The term "fall" is an American expression, as noted in fall - definition of fall by the Free Online Dictionary, Thesaurus and Encyclopedia. which quotes from both American and British English dictionaries. The Brittish seasons have always been spring, summer, autumn and winter.

    "Gotten" is also exclusively American: gotten - definition of gotten by the Free Online Dictionary, Thesaurus and Encyclopedia.

    Sorry, vectra, but you can't blame any of them as originating from the UK or representing British slang!

    I trust that your original comments were "tongue in cheek".

    Best regards
    R21

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    #7

    Re: a storm in a teacup

    Quote Originally Posted by Route21 View Post
    The term "fall" is an American expression, as noted in fall - definition of fall by the Free Online Dictionary, Thesaurus and Encyclopedia. which quotes from both American and British English dictionaries.
    That's right.
    The Brittish seasons have always been spring, summer, autumn and winter.
    But this is not true. Autumn or Fall?, http://www.etymonline.com/index.php?...earchmode=none

  5. BobK's Avatar
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    #8

    Re: a storm in a teacup

    Quote Originally Posted by vectra View Post
    ...
    Then I received some comments from native speakers, including some from the USA. They pointed out that they use 'a tempest in a teacup'.
    ...
    What part of the USA? Maybe parts of the USA with large French or Spanish linguistic backgrounds prefer a word that sounds more like tempÍte or tempesta. I, like many other British contributors, have never heard 'tempest in a tea-cup'.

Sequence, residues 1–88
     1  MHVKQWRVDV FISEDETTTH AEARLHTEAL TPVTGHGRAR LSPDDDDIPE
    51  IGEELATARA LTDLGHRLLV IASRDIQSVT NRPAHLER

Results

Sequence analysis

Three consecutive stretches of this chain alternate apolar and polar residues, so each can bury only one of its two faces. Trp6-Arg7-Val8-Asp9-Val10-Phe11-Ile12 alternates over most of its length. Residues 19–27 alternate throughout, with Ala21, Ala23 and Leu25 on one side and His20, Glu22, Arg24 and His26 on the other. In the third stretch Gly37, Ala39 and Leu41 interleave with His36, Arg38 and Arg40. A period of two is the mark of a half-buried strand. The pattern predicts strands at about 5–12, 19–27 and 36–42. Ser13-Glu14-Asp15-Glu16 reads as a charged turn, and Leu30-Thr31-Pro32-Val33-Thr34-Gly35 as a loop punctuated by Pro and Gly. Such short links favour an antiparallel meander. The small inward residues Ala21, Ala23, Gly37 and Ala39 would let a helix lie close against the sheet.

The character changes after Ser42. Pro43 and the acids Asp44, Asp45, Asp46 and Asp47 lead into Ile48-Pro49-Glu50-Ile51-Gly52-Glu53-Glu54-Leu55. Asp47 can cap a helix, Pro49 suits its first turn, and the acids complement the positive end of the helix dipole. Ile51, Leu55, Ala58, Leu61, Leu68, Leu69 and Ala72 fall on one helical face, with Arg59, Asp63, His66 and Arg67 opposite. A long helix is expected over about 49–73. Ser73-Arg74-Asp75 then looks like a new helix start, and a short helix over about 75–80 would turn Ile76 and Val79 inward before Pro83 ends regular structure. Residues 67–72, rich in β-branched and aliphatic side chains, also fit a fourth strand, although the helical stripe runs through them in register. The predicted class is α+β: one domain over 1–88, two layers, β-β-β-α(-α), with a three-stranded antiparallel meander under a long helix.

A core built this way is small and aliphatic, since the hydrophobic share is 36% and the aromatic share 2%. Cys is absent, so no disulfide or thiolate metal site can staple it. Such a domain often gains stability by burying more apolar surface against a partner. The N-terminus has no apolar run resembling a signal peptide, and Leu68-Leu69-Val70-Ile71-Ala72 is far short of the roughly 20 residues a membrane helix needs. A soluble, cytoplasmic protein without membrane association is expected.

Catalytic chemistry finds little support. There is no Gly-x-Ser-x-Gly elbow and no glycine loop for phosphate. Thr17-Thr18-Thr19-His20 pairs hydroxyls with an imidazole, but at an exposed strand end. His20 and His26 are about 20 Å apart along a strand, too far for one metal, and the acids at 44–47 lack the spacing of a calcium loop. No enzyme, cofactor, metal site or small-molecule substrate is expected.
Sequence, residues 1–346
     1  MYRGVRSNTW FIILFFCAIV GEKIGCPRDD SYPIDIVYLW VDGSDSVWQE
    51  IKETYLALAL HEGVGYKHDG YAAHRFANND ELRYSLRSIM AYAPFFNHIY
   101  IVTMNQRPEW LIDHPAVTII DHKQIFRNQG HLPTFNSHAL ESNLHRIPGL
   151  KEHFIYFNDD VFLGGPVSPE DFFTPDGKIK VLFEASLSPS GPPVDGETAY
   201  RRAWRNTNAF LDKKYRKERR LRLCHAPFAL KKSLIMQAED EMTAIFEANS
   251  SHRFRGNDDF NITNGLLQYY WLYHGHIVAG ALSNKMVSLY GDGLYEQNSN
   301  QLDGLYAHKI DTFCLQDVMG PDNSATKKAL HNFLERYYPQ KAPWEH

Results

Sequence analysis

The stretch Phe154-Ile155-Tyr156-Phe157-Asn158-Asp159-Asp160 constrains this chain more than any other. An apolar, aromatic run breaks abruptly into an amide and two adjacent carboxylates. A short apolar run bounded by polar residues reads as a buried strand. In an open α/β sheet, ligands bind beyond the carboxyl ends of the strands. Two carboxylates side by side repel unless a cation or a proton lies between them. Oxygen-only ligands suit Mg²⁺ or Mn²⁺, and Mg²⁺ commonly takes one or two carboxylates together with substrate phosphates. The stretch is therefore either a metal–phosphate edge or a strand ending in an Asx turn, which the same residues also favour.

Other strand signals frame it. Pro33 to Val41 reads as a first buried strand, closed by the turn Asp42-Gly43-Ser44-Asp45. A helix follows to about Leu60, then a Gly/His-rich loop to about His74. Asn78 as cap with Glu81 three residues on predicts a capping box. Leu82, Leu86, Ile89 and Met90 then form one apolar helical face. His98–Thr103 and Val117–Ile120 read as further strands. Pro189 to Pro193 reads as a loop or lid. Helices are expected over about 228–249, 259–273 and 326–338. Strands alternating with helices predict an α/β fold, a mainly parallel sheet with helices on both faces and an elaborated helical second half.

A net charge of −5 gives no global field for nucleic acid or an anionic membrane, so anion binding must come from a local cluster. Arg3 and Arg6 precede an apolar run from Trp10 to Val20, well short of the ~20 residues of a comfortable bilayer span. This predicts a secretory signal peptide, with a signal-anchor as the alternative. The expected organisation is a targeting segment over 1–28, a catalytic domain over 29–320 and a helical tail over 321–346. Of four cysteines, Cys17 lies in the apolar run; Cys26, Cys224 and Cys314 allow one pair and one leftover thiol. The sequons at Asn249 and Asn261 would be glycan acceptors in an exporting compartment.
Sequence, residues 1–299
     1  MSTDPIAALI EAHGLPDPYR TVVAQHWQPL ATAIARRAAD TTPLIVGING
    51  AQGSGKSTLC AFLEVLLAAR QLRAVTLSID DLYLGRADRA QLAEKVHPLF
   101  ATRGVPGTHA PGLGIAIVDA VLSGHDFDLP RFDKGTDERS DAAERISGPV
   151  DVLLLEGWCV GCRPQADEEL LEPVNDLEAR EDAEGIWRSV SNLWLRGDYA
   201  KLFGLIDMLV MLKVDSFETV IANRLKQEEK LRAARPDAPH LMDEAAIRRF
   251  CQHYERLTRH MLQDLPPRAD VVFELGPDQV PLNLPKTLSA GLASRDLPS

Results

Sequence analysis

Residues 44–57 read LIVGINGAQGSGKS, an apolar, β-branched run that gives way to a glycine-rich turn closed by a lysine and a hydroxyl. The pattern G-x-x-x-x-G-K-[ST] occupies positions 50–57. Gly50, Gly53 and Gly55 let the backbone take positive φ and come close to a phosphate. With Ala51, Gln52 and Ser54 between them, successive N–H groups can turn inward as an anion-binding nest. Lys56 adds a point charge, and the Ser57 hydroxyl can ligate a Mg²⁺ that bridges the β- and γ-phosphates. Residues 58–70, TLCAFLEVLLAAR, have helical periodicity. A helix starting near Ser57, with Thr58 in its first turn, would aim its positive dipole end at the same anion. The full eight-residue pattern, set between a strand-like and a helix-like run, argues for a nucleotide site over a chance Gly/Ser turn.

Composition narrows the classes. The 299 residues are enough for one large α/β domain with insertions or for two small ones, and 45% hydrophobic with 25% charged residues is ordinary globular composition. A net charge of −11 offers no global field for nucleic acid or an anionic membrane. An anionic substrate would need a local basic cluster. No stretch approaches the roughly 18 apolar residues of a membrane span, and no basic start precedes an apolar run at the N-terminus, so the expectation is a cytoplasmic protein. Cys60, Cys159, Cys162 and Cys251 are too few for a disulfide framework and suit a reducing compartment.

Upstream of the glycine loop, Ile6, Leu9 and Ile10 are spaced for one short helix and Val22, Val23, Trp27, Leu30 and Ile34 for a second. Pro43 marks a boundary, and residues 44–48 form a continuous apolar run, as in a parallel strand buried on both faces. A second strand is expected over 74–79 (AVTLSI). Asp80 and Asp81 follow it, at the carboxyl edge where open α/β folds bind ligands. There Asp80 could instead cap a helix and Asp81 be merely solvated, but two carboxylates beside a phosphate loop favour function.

b

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    #9

    Re: a storm in a teacup

    Quote Originally Posted by Route21 View Post
    I doubt this one (actually the others too, but this one in particular).

    I think "gotten" was the original past participle of "get", as illustrated by derivatives such as "forgotten", "begotten", and perhaps most tellingly, "ill-gotten" (as in ill-gotten gains).

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    #10

    Re: a storm in a teacup

    Quote Originally Posted by orangutan View Post
    I doubt this one (actually the others too, but this one in particular).

    I think "gotten" was the original past participle of "get", as illustrated by derivatives such as "forgotten", "begotten", and perhaps most tellingly, "ill-gotten" (as in ill-gotten gains).
    Old English didn't have the verb at all. It existed only in compounds. Here's what OED has to say about the Middle English version:

    The forms of pa. pple. retaining the original vowel (ON. getten) are found in literature down to the 16th c., and in the north midlands and Yorkshire getten is still the dialectal form. From the beginning of the English history of the vb., however, it has, like most verbs with ME. open e in the present stem, tended to assume the conjugation of vbs. of the e, a, o, series (originally confined to roots ending in a liquid); thus in the 13th c. we find geten, gat, goten parallel with stelen, stal, stolen. In the 16th c. the pa. t. was often got by assimilation to the pa. pple.; in the 17th c. this became the usual form, though gat is used in the Bible of 1611 and still occurs in archaistic poetry. I England the form gotten of the pa. pple. is almost obsolete (exc. dial.) being superseded by got; in U.S. literature gotten is still very common, although Webster 1864 gave it as 'obsolescent'.